My wife and I are in a new members class at our church. It’s a prerequisite class for those wanting to become members and goes for six weeks followed by an interview with one of the elders prior to being “accepted” as members.
The class is primarily an overview of this particular church’s doctrine. I have no problem with that. What bugs me sometimes is that their beliefs are couched in words like this is what the Bible teaches. Again, I have no problem with that, I simply wish they would add, as we understand it. That little caveat at the end puts things in perspective when it comes to other denominations and belief systems. Evangelicalism is heavy with differing belief systems based on how a particular denomination understands the scripture. I suppose a particular denomination could state emphatically that they are right and others are wrong. They can even imply it, but at least allow due courtesy by clarifying this is what the Bible teaches as we understand it.
During one of our sessions the leader of the class made a comment in response to a question about a certain passage of scripture. His comment was basically, “why don’t we just take the plain meaning of the text? It seems fairly clear.” To which I mumbled under my breathe (since my wife prefers I not rock the proverbial boat in this particular setting) “why don’t we take the plain meaning of the text in all situations?”
How often have we heard it said…. “Well, this is what Jesus meant” or this is what Paul meant, or what Peter meant. How in heaven’s name does someone know what Paul or Peter meant in any given situation? And if we know what they meant to say, then they apparently chose not to say what they meant to say and if that’s the case why didn’t they say what they meant to say if that’s what they meant to say?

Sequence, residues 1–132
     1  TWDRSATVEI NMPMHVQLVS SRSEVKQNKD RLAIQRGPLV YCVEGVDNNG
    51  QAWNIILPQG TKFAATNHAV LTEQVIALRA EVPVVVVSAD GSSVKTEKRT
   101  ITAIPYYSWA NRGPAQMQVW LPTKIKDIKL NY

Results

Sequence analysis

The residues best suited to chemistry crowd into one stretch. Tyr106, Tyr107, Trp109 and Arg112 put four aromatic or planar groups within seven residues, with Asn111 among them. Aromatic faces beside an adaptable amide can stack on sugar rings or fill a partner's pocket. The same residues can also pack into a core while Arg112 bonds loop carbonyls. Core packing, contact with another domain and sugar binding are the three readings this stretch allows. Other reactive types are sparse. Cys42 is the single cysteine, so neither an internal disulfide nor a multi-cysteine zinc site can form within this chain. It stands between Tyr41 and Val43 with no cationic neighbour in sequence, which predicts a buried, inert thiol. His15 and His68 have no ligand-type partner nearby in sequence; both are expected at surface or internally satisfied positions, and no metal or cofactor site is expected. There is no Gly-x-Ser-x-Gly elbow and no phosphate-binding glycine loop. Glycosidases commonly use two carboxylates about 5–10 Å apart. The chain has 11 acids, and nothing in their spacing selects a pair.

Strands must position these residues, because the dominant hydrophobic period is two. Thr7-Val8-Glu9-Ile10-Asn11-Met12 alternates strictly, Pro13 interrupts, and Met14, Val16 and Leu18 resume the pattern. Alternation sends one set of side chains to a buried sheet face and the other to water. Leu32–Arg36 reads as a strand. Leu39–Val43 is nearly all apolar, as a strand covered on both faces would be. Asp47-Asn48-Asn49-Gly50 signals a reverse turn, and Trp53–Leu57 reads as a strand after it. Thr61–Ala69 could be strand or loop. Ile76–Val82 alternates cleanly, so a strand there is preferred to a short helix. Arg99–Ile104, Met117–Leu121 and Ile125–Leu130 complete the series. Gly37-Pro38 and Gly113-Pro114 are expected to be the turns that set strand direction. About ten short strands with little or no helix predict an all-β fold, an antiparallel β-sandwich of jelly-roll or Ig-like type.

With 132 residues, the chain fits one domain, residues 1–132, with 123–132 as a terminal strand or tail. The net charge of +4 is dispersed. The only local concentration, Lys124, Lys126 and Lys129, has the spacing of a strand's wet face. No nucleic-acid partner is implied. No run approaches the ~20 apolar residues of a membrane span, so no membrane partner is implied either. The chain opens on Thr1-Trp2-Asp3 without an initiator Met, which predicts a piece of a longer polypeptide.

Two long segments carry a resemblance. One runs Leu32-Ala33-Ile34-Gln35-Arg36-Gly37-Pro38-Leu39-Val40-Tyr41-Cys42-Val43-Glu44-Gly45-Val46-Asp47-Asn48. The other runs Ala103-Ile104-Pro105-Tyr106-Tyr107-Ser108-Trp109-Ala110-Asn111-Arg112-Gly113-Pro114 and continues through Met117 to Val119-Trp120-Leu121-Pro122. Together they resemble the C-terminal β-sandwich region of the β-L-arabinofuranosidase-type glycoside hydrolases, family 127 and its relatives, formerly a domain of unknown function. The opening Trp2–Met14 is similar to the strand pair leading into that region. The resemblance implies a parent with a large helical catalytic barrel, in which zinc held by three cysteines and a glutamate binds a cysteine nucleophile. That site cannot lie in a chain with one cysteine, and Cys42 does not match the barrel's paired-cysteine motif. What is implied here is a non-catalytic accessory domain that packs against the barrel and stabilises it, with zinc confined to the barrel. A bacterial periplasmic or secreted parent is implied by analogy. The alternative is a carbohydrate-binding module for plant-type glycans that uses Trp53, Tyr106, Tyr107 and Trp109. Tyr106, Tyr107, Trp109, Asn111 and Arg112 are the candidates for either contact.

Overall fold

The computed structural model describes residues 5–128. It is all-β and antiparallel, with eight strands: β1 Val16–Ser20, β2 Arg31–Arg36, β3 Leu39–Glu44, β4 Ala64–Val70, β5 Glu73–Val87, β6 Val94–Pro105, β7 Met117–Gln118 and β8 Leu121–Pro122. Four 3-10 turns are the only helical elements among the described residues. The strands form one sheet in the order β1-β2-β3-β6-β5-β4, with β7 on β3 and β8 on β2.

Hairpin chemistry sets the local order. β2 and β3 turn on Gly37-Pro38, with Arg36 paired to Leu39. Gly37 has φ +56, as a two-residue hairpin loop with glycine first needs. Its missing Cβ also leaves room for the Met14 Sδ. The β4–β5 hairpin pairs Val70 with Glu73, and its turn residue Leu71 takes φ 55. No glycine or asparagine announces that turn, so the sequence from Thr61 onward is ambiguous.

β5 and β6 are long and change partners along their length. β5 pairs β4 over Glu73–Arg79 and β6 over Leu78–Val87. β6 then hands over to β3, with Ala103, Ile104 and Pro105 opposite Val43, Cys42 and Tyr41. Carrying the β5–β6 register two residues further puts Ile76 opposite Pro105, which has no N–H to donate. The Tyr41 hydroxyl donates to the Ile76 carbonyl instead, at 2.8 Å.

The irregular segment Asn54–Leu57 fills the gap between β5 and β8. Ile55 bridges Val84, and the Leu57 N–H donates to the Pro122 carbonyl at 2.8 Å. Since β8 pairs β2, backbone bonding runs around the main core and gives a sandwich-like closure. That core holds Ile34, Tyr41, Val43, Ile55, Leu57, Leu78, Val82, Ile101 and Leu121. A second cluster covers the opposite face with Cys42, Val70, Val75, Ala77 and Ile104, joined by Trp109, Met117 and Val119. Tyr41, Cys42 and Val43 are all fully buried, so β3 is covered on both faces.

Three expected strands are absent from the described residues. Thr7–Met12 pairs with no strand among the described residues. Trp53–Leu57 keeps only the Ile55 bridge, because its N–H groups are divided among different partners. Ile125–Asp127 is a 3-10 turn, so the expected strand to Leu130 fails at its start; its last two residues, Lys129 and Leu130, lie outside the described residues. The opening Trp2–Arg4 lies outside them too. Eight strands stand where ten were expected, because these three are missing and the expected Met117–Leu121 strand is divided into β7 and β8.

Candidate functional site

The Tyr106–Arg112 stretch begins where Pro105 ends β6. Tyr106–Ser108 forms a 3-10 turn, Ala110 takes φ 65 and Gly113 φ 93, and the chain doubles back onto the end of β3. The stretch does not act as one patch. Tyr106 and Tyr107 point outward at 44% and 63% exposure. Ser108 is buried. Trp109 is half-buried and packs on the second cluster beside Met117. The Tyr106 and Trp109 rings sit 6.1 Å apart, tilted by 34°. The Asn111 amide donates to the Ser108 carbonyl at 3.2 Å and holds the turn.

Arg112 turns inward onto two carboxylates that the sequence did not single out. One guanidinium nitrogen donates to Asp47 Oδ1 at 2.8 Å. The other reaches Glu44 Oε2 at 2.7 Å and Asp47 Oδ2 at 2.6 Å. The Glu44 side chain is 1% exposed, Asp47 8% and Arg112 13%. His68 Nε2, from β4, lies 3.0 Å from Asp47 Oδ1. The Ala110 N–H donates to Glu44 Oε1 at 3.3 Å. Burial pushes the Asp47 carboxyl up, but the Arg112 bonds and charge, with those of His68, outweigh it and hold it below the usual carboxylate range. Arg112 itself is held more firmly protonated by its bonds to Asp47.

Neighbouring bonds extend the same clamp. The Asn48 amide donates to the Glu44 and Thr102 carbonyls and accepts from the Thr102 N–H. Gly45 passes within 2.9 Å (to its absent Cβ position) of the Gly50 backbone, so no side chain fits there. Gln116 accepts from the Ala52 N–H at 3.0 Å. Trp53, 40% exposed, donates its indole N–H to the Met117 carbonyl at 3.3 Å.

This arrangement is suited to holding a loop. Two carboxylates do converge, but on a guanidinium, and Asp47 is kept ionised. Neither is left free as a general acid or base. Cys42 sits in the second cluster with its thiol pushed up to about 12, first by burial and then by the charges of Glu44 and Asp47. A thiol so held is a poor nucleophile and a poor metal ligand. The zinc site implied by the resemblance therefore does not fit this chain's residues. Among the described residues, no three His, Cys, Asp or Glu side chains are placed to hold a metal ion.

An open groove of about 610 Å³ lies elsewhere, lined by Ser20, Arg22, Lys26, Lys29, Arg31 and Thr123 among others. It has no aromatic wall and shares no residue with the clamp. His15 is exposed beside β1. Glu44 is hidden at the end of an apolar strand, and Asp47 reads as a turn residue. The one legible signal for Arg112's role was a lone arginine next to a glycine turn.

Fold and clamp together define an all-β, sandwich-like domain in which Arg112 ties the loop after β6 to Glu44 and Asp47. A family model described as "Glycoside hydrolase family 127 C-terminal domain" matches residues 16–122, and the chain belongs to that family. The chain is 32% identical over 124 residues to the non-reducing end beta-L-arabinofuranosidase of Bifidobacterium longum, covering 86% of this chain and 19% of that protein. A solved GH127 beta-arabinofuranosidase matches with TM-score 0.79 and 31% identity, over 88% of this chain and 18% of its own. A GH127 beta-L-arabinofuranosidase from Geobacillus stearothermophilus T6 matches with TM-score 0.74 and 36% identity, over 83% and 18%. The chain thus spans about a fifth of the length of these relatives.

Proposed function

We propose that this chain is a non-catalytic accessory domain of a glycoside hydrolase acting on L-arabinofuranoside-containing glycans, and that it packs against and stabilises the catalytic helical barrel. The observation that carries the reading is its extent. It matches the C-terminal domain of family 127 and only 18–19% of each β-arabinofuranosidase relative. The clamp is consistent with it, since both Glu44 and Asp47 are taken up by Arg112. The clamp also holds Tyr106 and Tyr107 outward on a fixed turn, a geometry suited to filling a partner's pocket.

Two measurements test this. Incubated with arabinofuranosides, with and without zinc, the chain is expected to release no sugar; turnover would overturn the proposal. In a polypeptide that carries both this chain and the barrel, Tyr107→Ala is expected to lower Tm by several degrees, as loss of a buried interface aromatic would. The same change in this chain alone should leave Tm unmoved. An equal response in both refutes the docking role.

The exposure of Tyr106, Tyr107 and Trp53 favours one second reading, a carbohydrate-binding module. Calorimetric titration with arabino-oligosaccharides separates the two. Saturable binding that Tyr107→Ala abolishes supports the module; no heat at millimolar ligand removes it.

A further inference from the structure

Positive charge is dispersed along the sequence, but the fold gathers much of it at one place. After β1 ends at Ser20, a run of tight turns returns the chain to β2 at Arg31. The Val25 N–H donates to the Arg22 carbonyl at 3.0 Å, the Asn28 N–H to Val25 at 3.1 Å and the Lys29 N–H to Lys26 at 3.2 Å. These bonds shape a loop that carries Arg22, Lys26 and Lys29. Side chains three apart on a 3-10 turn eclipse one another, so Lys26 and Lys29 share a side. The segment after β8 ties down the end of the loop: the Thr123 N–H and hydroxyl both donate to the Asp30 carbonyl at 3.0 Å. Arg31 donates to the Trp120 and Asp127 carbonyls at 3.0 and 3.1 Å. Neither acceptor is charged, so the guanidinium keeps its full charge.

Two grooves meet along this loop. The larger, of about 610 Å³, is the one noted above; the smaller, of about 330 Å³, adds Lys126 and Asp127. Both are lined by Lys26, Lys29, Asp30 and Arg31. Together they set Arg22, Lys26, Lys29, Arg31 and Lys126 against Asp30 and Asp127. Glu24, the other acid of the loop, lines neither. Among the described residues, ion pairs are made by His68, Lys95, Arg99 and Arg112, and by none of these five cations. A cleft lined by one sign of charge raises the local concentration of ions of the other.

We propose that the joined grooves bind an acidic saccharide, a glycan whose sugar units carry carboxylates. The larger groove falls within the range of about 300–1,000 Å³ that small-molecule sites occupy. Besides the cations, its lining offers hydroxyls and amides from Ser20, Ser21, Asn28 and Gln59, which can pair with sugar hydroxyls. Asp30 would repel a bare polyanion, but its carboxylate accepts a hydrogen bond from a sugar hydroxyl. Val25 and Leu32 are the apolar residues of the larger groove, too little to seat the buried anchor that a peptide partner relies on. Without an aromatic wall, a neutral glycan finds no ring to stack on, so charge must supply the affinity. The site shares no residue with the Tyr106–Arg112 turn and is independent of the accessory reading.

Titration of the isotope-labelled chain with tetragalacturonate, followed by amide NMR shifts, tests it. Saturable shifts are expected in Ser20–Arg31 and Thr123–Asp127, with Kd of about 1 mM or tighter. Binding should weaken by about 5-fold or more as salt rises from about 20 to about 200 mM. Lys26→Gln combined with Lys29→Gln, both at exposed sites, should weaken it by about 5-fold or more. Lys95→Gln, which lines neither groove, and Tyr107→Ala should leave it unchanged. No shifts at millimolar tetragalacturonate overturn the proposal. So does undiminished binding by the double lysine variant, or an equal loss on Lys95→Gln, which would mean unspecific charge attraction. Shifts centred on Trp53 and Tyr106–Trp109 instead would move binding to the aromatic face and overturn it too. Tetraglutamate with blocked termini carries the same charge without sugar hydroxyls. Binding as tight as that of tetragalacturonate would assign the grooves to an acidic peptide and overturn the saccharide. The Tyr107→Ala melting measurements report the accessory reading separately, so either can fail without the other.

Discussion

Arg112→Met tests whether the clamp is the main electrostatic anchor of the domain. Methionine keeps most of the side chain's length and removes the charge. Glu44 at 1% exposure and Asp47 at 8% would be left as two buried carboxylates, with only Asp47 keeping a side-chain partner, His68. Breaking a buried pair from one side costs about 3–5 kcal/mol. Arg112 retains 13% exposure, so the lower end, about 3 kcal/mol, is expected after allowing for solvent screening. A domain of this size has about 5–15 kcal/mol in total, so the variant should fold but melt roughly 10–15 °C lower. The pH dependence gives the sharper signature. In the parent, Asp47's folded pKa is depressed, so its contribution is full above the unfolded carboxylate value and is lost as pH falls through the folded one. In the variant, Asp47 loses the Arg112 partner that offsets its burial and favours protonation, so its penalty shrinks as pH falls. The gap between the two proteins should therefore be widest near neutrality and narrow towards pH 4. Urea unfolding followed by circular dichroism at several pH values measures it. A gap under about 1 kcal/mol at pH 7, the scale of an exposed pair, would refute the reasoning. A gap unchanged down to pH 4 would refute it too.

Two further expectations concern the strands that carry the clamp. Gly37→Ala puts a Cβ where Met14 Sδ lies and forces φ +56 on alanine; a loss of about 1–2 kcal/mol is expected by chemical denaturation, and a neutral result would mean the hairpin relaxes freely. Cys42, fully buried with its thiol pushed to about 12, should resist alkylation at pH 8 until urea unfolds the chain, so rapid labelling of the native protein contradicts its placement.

In our recent Bible study class on 1 Peter, there were some comments offered on these verses:
1Pe 1:20 He (Christ) was foreknown before the foundation of the world but was made manifest in the last times for the sake of you
1Pe 1:21 who through him (Christ) are believers in God, who raised him (Christ) from the dead and gave him glory, so that your faith and hope are in God.
Our teacher, who I have GREAT respect for, noted that Peter’s reference reflected the trinity and – my words not his – that Christ was God. But the plain meaning of the text seems clearly evident. It is through Christ that we become believers in God. It is through Christ that our faith and hope are in God. Peter didn’t say, it is through Christ that our faith and hope are in God and Christ is God, although he very well could have. Considering the other very Jewish terms Peter uses prior to these verses, it’s clear he’s speaking to a primarily Jewish audience. And if he meant that Christ and God are one in the same, I suspect he might have clarified that here. But he does not. That’s not to say he didn’t believe that, it simply means he did not say that and we can’t deduce that from the text itself. In other words, we should let the plain meaning of the text be the plain meaning of the text.
This is not a plea for dogma or orthodoxy. It’s a plea for taking the face value of the text at its face value. If Peter meant to say something different than what he said why didn’t he just say it? If he was inferring something that would be common knowledge to his hearers, it certainly would not have been a statement about the trinity, for example, without – it seems – some sort of continued explanation.
The more I read the biblical text the more I find my mind flushed with the plain meaning of the text. The more I move away from my preconceived notions and former belief systems, the more I understand how blind faith can often lead to a faith that is blinded to the truth.